What's all this talk about 50+ hours a week?

Discussion in 'Professional Chefs' started by basilskite, Oct 28, 2011.

  1. basilskite

    basilskite

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    So I've been looking through craigslist for line cook positions and 80% of the postings are looking for part time cooks (roughly 25hrs). I've even seen a posting looking for full time cooks but promising 35+. Are those temporary hours just to try out the cook?
     
  2. someday

    someday

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    Are you looking at hotels and/or corporate restaurants? Those are much more likely to only "allow" a person to work 40 hours a week, to avoid the expense of overtime. 

    Wait until you become salaried. 
     
  3. chefedb

    chefedb

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    It's economics    Most places put on part timers because it is cheaper for them.. No benefits,Vacations,sick days etc. Today it is cheaper to hire 2 part timers then 1 full timer.
     
  4. basilskite

    basilskite

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    I see corporate and non corporate postings who post those hours.

    That's really unfortunate. I assume these are the kind of places that don't put a lot of stock into quality workers?
     
  5. headless chicken

    headless chicken

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    My former kitchen was turning their leaf, converting most of the positions into part time work but everyone is unionized so they still kept everything their contract entitled including sick days and vacation time.  Only thing they get dinged on was their 2 week paycheck.  Still cheaper but these people don't have the skill sets, a simple labor force.
     
  6. chefbillyb

    chefbillyb

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    Everyone gets hired at 32 hrs, then after your trained, or even before your trained, the sh-t will hit the fan everyday. The morning cook comes in drunk, you will be either called in or asked to work longer. The night shift cook will walk out and you will be asked to close and then dbl back for the breakfast shift. ...........Good luck, in two weeks you'll be asked to run the kitchen...ChefBillyB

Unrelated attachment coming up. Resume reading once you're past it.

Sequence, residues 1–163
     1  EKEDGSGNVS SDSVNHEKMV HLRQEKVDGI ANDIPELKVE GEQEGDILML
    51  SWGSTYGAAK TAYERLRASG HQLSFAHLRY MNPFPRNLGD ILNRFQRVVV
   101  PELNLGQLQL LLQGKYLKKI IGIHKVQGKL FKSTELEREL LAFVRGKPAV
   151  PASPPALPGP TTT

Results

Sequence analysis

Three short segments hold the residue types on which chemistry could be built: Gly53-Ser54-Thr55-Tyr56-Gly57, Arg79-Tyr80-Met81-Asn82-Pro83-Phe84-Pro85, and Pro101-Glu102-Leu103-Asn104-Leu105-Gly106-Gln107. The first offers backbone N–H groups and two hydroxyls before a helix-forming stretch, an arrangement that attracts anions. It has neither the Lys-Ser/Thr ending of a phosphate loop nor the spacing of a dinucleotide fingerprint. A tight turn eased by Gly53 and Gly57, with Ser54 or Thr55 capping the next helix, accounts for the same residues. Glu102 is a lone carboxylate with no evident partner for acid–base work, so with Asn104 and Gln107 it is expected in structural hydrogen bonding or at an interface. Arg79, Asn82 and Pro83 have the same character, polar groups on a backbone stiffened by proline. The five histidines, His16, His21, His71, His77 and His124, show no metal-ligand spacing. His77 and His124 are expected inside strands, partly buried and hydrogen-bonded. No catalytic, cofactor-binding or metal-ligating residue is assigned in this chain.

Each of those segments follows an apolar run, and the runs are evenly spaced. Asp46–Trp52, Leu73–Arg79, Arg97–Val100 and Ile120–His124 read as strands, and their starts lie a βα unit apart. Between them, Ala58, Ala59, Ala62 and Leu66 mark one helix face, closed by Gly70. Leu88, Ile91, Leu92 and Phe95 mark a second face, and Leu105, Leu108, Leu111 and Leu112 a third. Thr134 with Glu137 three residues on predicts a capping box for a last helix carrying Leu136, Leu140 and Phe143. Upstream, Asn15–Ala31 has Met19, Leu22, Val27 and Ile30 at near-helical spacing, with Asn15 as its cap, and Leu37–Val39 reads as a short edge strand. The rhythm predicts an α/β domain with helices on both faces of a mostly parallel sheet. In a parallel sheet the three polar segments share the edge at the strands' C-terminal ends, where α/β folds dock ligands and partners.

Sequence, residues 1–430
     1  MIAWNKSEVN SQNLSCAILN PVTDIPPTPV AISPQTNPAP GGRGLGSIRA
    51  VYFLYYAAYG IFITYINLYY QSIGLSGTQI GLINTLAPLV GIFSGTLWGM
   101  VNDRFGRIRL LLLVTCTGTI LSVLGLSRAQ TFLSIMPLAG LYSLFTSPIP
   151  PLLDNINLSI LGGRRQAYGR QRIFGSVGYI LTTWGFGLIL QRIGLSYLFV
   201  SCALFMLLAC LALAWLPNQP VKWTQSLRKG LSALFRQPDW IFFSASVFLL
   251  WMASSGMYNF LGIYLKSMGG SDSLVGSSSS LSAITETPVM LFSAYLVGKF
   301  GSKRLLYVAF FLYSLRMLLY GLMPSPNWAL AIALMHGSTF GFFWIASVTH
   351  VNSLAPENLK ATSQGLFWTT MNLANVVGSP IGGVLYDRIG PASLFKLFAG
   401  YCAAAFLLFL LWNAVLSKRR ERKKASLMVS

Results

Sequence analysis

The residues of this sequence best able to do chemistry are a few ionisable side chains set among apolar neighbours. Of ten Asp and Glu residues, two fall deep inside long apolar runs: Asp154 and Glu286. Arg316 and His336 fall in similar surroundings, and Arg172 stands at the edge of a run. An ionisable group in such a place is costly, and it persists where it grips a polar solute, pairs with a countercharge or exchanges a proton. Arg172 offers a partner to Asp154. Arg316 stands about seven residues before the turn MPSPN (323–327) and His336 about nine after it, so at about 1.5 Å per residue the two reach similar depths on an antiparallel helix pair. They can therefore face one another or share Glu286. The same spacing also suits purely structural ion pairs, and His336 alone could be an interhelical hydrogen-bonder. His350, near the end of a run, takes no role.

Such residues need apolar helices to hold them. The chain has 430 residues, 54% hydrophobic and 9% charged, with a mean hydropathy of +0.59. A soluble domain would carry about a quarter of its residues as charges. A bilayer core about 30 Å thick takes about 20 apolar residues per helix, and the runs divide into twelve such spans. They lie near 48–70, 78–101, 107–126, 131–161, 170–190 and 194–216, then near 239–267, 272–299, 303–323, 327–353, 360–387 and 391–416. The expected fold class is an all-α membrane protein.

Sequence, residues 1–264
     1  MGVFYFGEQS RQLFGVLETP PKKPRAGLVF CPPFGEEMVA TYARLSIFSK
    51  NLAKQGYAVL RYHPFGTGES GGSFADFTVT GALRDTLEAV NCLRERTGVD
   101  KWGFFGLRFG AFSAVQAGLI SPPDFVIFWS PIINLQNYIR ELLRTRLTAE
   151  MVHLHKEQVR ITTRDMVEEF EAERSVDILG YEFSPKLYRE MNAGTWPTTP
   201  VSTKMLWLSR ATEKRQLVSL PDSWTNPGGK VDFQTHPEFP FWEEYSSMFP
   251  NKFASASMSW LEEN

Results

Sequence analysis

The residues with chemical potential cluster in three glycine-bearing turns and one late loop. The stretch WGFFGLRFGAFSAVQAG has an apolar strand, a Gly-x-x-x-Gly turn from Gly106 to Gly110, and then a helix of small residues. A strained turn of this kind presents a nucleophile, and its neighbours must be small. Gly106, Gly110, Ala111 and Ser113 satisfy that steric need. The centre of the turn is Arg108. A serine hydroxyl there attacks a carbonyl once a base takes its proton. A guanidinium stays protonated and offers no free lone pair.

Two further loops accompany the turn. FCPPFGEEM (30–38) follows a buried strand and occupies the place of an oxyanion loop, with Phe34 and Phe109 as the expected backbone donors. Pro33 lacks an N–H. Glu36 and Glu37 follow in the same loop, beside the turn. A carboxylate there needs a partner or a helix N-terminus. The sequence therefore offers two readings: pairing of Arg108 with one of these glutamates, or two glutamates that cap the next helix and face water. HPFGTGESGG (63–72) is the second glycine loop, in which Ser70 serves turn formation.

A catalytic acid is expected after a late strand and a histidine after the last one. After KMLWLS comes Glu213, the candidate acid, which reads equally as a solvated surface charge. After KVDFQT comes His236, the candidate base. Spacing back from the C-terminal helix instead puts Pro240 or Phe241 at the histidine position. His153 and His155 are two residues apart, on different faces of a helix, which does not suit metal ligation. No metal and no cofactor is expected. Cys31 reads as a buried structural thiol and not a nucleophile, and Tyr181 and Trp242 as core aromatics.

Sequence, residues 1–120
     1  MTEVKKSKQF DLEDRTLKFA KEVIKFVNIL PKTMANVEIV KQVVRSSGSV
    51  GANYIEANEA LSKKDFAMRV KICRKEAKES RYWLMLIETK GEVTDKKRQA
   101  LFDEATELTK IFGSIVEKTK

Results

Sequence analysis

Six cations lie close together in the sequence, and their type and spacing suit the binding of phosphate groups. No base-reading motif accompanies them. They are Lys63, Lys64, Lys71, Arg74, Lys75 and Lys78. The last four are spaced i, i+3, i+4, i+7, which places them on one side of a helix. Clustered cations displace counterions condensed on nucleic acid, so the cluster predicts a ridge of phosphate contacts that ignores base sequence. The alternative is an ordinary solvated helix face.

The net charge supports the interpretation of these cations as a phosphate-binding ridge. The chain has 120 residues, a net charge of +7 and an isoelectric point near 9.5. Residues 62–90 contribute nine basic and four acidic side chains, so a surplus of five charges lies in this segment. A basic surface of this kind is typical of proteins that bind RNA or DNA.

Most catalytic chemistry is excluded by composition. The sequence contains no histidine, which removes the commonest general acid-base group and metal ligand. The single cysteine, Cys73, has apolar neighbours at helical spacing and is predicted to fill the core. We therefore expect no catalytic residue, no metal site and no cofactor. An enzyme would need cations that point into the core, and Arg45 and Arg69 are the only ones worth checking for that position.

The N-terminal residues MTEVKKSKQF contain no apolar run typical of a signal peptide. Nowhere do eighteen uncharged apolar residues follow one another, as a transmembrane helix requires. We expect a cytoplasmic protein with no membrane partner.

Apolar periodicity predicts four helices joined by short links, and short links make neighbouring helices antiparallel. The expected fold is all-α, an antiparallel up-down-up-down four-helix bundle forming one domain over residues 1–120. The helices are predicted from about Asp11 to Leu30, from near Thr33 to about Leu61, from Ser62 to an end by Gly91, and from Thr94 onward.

7. foodpump

    foodpump

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    Well, really, what's 'quality workers".

    What kind of standards or benchmarks do you want them to pass?

    -A 1 yr "Chef's program" at the "Grace L. Fergusson Culinary Academy", no previous cooking experience required?

    -A 9 mth "Chef''s program" at "le Grande Boule-cheet" Chef's Academy? 60 grand tuition and gawd help you finding a job?

    What's the difference between a f/t Union worker and a non union worker?  Senority, that's all. And the guy with the most senoirty has his own  crapper stall with a hasp and lock on it, he walks into the store room with empty packsacks and walks out with full ones--and getting votes on stuff that no one knows about.  Ask him anything and the first thing is "No you don't have enough senority, you're not eligable".

    Listen, people are cheap and don't want to pay anything extra, why pay a guy in a white uniform and paper hat more if you can't see him?  Have a good meal?  Tip the waiter 25% of the gross bill, dab your lips on a napkin, and tell the waiter to give the kitchen a verbal compliment.  Hey, they do it in the movies and TV, so it must be O.K., right?

    Conversely, if the Chef can get 22% on labour and 29% on food costs, you tell the dip-wad to get them to 20% and 22% or else you'll kick him out.  And you do, and you give the Sous a gold badge and a stack of business cards that say "executive Chef", and tell him how this wil do wonders for his carreer, and make the dip-wad work 90 hrs a week or you'll kick him out--and you do.  Then the place goes teats-up becasue the food sucks and employees are stealing and a new owner comes in  and hires the old, old Chef to clean the place up, and as soon as he does, you turf the dip-wad out -and give his Sous a gold badge and..........

    Who me? Rant? nah................
     
  8. left4bread

    left4bread

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    I WAS NOT DRUNK!!!

    I was hungover.  ...and jovial.
     
  9. cookers

    cookers